At the beginning of winter, Scipio resolved to sweep away the Carthaginian power in the country, and the allies from whom supplies were sent to them. Sending his captains this way and that he moved in person to Nepheris against Diogenes, who held that town as Hasdrubal's successor, going by the lake while sending Gaius Lælius by land. When he arrived he encamped at a distance of two stades from Diogenes. Leaving Gulussa to keep Diogenes unceasingly employed, he hastened back to Carthage, after which he kept passing to and fro between the two places overseeing all that was done. When two of the spaces between Diogenes' towers were demolished Scipio came and stationed 1000 picked soldiers in ambush in the enemy's rear, and 3000 more, also carefully selected for bravery, in his front, to attack the demolished rampart. They. did not make the attack en masse, but by divisions in close order, following each other, so that if those in front were repulsed they could not retreat on account of the weight of those coming behind. The attack was made with loud shouts, and the Africans were drawn thither. The 1000 in ambush, unperceived and unsuspected, fell boldly upon the rear of the camp, as they had been ordered, and tore down and scaled the palisade. When the first ones entered the Africans were panic-stricken and fled, thinking that the numbers of the new assailants were much greater than they were. Gulussa pursued them with his Numidian cavalry and elephants and made a great slaughter, some 70,000, including non-combatants, being killed. Ten thousand were captured and about 4000 escaped. In addition to the camp the city of Nepheris was taken also, after a siege of twenty-two days, prosecuted by Scipio with great labor and suffering on account of the severity of the weather. This success contributed much to the taking of Carthage, for provisions were conveyed to it by this army, and the people of Africa were in good courage as long as they saw this force in the field. As soon as it was captured the remainder of Africa surrendered to Scipio's lieutenants or was taken without much difficulty. The supplies of Carthage now fell short, since none came from Africa or from foreign parts, navigation being cut off in every direction by the war and the storms of winter.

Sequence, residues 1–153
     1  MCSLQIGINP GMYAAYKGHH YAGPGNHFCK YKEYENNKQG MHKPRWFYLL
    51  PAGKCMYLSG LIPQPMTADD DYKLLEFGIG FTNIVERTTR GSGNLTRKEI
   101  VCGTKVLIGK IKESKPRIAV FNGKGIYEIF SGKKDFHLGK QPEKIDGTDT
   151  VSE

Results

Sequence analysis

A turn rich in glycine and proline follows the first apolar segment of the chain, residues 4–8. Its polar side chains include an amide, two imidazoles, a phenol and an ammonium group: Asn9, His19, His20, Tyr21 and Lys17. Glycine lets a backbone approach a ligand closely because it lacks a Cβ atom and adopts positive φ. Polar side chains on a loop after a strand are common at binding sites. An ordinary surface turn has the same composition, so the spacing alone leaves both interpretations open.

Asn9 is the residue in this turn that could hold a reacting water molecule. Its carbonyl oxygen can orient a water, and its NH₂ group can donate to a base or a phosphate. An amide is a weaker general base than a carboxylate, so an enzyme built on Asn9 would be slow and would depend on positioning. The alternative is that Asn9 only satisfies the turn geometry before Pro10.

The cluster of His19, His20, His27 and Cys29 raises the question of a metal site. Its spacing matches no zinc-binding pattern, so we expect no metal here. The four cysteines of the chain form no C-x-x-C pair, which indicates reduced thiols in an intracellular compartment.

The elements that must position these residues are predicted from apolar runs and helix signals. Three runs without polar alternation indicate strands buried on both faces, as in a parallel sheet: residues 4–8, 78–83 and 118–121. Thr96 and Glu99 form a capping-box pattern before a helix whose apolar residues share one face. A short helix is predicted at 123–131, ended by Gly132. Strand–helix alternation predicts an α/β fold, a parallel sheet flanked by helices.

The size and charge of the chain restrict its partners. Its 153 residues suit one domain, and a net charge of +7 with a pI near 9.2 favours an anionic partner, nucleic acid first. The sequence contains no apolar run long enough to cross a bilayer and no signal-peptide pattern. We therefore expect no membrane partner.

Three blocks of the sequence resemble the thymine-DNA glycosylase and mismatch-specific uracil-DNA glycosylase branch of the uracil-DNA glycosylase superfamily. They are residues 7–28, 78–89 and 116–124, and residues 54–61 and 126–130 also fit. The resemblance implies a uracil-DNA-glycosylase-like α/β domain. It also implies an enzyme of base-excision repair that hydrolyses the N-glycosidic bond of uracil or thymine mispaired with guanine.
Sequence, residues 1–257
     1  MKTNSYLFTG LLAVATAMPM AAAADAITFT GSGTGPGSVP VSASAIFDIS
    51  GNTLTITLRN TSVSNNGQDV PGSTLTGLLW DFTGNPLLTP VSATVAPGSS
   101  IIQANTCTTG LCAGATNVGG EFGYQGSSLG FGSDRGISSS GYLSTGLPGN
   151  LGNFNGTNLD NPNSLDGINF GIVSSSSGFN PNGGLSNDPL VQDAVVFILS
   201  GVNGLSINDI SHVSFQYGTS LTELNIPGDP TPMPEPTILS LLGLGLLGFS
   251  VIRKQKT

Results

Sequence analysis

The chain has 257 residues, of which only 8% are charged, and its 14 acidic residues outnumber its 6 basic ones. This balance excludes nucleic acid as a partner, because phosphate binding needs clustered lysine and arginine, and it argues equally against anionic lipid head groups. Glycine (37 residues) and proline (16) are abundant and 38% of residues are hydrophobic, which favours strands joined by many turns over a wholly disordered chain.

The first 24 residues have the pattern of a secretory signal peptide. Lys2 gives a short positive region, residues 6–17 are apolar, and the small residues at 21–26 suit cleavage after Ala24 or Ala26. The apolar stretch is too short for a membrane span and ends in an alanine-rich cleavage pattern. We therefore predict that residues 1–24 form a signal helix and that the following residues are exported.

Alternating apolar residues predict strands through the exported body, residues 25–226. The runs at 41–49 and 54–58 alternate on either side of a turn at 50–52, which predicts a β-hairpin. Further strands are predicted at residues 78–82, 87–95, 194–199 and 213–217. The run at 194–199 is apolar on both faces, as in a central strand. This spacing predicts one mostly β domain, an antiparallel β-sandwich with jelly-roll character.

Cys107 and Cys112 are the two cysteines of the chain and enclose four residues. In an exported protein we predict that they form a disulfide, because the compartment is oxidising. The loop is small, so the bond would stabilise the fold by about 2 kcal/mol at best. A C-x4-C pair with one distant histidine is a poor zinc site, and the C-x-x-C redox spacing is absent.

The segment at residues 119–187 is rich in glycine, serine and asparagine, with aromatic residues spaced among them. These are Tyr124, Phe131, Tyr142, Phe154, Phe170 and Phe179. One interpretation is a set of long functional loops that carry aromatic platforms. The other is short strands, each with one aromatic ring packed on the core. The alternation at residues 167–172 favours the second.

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THE PUNIC WARS
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